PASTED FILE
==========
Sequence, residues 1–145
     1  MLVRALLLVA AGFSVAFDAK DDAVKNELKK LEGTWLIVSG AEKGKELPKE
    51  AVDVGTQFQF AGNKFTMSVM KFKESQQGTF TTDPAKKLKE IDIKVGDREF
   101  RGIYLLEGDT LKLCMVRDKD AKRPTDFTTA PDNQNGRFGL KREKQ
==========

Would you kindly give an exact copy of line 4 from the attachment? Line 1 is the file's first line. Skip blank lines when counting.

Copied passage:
   101  RGIYLLEGDT LKLCMVRDKD AKRPTDFTTA PDNQNGRFGL KREKQ